ERIC CHOONG, a familiar name in the local fashion industry, recently unveiled his new artworks and ready-to-wear collection titled Sense of Geisha.
The haute couture designer, who established his eponymous fashion label Eric Choong in 1988, is known for integrating and applying traditional Malaysian ethnic elements into design concepts, raising awareness of Southeast Asia’s textile art.
During the CollabStore event at Shoppes at Four Seasons Place which was held in Kuala Lumpur on Jan 6, Choong showcased his unique art-to-wear collection inspired by traditional Japanese kimono silhouettes, using batik fabric which he created.
This collection comprises striking dresses, outerwear, pants, and blouses for women and men. The eye-catching pieces can easily be mixed-and-matched with other pieces.
One of the collection’s most appealing pieces is an A-line dress that could easily be a show-stopper in Choong’s fashion show. The eye-catching dress has five colours and was created using the tie-dye technique, which took him almost a week to complete.
What distinguishes the collection is that, in addition to batik designs, he included some of his own creative artwork prints. Previously, the couture designer crafted premium batik under his fashion label.
He has even made exclusive batik print designs for the late Datin Seri Endon Mahmood. About 15 years ago, Datin Seri Endon launched a campaign to bring back batik, and urged local designers to use the prints in their designer wear.
Among the designers were Choong, who fell in love with batik. He describes Datin Seri Endon as a ‘mentor’ who often encouraged him.
His batik designs are bold, creative, and one-of-a-kind pieces, as he created them by applying different kinds of techniques which he has mastered over the years, including tie-dye, hand dye, block prints, and free flow hand drawing, as well as techniques he developed on his own.
“I combine my personal techniques with [traditional] batik techniques,” revealed Choong, who comes up with his own patterns, motifs, prints, and designs.
Just seven years ago, Choong, who was sought after for made-to-measure wedding and evening gowns, semi-retired from the fashion world which he had been a part of for 30 years.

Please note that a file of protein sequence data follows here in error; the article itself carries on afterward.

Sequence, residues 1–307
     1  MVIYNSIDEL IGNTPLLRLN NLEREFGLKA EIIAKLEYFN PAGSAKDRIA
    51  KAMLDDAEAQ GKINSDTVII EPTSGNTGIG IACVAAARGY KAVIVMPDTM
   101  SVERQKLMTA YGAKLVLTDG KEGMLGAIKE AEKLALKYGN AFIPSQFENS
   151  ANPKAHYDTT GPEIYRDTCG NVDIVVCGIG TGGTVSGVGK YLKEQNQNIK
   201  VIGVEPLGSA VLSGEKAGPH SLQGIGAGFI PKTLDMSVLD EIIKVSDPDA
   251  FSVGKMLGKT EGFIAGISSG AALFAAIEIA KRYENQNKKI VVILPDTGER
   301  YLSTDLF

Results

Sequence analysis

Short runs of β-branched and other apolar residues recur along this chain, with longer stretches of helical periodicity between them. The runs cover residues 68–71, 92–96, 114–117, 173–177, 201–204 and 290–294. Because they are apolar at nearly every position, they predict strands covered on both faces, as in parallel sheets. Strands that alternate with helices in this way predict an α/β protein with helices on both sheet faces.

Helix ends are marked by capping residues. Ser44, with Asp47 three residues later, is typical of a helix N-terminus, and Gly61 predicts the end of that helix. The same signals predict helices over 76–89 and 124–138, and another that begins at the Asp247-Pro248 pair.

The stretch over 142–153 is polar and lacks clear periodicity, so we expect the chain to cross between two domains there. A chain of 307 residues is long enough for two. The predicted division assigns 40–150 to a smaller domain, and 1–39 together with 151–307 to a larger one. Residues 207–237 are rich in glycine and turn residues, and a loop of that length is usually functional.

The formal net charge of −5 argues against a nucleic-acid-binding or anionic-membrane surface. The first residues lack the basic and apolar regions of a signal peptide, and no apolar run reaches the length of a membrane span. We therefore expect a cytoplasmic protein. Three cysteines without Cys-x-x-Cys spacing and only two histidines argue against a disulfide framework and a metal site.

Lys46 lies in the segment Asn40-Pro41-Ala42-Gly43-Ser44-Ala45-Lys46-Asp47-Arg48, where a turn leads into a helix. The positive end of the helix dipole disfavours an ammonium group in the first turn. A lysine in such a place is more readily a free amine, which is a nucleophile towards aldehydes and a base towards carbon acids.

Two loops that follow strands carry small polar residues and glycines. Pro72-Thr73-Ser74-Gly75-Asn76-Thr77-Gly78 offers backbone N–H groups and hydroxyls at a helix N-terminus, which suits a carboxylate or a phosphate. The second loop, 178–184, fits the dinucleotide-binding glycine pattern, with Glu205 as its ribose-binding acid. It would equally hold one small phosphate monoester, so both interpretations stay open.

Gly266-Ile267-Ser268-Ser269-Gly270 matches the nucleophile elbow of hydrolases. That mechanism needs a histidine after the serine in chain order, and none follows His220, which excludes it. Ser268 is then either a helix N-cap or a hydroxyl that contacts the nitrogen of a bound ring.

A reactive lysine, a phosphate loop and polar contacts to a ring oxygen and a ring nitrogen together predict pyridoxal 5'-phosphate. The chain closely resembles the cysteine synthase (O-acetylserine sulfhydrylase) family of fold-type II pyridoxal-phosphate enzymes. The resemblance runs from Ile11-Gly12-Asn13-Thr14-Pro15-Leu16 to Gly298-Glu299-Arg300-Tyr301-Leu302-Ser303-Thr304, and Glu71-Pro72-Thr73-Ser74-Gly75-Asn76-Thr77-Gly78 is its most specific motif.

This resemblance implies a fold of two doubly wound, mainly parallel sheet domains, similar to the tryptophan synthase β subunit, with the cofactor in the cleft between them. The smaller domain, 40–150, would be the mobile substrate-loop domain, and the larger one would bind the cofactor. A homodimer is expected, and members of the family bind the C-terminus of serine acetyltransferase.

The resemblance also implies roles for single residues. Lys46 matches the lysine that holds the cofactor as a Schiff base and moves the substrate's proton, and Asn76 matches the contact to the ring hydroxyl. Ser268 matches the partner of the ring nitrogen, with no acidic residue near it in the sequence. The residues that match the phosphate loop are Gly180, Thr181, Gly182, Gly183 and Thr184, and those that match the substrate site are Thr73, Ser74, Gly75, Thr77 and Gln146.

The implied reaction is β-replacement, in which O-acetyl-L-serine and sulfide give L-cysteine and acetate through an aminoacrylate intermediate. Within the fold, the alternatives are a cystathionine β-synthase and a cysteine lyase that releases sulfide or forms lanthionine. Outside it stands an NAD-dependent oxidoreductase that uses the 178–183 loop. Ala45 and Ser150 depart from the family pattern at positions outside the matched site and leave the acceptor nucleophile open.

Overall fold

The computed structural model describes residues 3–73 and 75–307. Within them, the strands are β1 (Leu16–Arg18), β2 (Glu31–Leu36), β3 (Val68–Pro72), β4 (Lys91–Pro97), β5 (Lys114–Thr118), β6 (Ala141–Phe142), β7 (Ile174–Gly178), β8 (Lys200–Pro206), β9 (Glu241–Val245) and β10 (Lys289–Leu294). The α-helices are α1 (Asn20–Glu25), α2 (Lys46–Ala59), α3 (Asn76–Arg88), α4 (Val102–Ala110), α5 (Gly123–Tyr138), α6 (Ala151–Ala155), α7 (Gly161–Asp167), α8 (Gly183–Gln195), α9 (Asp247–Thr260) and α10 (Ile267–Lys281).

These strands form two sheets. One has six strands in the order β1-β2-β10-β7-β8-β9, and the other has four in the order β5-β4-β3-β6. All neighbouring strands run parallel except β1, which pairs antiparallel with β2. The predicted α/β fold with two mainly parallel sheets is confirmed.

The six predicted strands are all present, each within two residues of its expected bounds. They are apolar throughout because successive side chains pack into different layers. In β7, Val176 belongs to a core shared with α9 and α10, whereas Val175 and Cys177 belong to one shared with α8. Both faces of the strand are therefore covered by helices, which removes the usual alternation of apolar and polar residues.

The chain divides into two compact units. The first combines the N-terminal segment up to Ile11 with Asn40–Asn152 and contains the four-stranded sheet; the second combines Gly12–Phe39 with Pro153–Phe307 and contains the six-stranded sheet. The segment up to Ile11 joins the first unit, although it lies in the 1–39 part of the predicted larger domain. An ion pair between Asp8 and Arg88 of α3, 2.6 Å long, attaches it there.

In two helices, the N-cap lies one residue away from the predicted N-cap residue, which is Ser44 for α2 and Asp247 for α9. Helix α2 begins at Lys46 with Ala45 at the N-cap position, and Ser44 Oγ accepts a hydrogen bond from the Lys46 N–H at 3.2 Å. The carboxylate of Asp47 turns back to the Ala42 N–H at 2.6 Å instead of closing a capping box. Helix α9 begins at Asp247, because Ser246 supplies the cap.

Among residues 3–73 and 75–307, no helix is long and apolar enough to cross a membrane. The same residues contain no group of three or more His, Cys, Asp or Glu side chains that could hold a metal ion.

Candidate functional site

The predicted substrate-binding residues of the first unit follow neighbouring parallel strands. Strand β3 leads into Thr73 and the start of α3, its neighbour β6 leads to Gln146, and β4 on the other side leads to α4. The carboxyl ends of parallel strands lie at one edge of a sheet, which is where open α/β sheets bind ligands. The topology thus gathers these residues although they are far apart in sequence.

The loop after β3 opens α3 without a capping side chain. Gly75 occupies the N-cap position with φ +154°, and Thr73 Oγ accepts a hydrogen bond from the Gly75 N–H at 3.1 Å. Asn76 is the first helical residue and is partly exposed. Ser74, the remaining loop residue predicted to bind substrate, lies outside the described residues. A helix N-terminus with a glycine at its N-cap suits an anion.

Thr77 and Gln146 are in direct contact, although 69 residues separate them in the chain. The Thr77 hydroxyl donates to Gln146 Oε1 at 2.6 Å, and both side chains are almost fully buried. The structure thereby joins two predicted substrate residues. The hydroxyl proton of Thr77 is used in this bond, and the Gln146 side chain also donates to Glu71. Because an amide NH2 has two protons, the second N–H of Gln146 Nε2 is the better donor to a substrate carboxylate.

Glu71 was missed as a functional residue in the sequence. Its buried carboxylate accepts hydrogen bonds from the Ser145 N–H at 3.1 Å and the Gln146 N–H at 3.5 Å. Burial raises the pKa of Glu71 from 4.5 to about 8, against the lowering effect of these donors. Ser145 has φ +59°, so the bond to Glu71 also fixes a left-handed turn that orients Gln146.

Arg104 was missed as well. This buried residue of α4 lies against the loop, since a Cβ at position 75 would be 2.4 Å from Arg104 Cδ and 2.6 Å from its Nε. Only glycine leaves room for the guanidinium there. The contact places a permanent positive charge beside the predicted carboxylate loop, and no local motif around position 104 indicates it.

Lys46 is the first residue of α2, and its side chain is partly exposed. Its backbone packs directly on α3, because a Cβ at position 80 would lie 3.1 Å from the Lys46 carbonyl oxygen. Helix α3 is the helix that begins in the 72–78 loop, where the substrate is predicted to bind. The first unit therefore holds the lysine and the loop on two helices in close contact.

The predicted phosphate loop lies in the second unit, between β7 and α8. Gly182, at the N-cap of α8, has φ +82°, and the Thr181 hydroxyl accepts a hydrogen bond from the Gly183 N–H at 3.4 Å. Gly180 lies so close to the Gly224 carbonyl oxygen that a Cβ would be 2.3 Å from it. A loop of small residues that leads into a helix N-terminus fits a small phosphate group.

Currently, Choong is a fashion college lecturer, which gave him time to delve deeply into the art of painting. He explained that he also considered batik to be an art form.
In fact, the designer has loved to draw since he was a child, but his passion for art had taken a backseat for most of his life, until 2020.
That year, it was revived after an art curator friend who had opened an art gallery in Shanghai, China, encouraged him to rekindle his love for art. Choong began painting again, and the exhibition titled The Art of Eric Choong was born.
“I used my knowledge of fashion and batik techniques to create art on canvas. In painting, I use elements, graphics, and some of the ingredients from batik techniques like tie dye, hand dye,” he revealed.
“I combine fashion with art.”
Eric showed some of his art pieces that used tie-dye techniques, and acrylic paint on top. “I use mixed media in my works of art. Techniques and knowledge that I learned from batik-making were transported onto canvas,” Choong said.
His foundation was in fashion design, and colour was one of his skills. “I use colour when I do art. I use my knowledge of colours and plant dyes from batik painting and its techniques in my art pieces.”
The plant dyes used in his paintings and fabrics are handmade. During the lockdown, he began to experiment with natural and eco-friendly dyes on fabric.
“I would go to the market and buy vegetables, roses, and fruit, then boil them to bring out their natural colours,” he explained. “Then, I turned them into colour pigments and applied the colour to art pieces.”
“I also use coffee and tea,” added Choong, whose favourite colours are indigo, black, and white. The hand-painted artworks are then transformed into digital prints on the fabric, which is turned into garments.
However, not all of the paintings are transformed into fabric. Some are selected to be turned into digital art. At the same time, Choong also creates entirely different designs for fabric.
Speaking about his new collections, he said: “I hope my batik collection can inspire more young people to wear it every day.”
He believes that people have the incorrect perception that batik clothing is only worn by the older generation to formal functions, and that batik is not “in trend” or fashionable for the younger generation.
“I wish that my batik collections would bring back the trend,” he said. “I hope more people wear batik, and batik should be a must-have piece in everybody’s wardrobe or closet.”
Choong’s artwork and ready-to-wear designs can be found at Collabstore, Level 2, Shoppes at Four Seasons Place, which also houses his latest batik collections.